This new elementary school is part of a residential neighbourhood that includes several circus institutions (TOHU, National Circus School), a CHSLD and Frédéric-Back Park.
A re-envisioned elementary school — With its open architecture, the new school consolidates the existing fabric by transforming a formerly abandoned site into a dynamic hub which improves community life.
The design of Saint-Bernardin Elementary School is centred around three pillars: educational success, sustainable development, and the arts. The pervasiveness of these three themes is reflected in the school’s architecture. Educational success is expressed through the integration of multipurpose spaces that can be transformed in accordance with whatever needs arise. Sustainable development is conveyed by an educational project emphasizing urban agriculture in a greened courtyard, carried out in collaboration with organizations dedicated to fighting against poverty and social exclusion. Finally, the arts are reflected by weaving the school into the aesthetics of the City of Circus Arts and by offering gymnasiums that are adapted to the circus discipline.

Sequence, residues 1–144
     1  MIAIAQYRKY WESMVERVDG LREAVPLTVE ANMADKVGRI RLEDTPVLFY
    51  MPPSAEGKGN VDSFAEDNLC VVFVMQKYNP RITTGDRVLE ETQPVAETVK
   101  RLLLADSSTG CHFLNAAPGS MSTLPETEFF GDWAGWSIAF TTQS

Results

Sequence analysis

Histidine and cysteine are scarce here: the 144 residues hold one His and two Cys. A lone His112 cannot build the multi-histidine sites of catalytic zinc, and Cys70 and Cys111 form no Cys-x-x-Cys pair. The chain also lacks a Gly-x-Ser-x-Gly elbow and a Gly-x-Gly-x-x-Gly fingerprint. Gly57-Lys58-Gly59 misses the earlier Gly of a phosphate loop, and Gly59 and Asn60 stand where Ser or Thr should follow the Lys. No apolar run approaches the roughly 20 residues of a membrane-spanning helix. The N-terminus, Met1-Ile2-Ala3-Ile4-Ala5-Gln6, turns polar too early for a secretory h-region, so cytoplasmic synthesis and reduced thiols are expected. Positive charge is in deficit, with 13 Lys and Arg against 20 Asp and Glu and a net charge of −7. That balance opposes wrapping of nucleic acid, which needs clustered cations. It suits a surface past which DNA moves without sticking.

Decontamination, Health and Safety : EXP / Forestry : Nadeau Foresterie Urbaine
Centre de services scolaire de Montréal (CSSDM)
A playful architecture
The school’s design is contemporary, playful, and joyful. The volumetric approach recalls building blocks games and the colours of a box of pencil crayons. The transparent first floor, where the spaces with extended use to the daycare service and the community are situated, contributes to animating the neighbourhood, as the vitality and dynamism of young users spill out onto the public square. The gymnasium slopes towards the public square. Surrounded by windows on three sides, the space gives students the impression of playing outside all year round. It is also a strong signalling element that announces the elementary school, while establishing a dialogue with the circus arts space on Jarry Street.
Encouraging academic success
Inside the school, niches punctuate the hallways. Of various sizes, they can be used for socialization in addition to concentration. Colourful insertions introduce further rhythm into the hallways, locker spaces, and classrooms, helping students to orient themselves in the space.
Behind the glazed transparency of the first floor walls, spaces flow into the daycare and communal areas, then further enliven the neighbourhood through the vitality of youth overflowing outside into the public place.
Integration into the urban fabric
The school’s neighbourhood includes some of the city’s most important circus arts institutions, including the TOHU and National Circus School. There is also a CHSLD and the major Frédéric-Back Park located nearby. By revitalizing a site that had been abandoned for a long time, the project serves to infuse the area with dynamism, reinforce the urban fabric, improve the quality of life of citizens, and strengthen the community’s sense of belonging.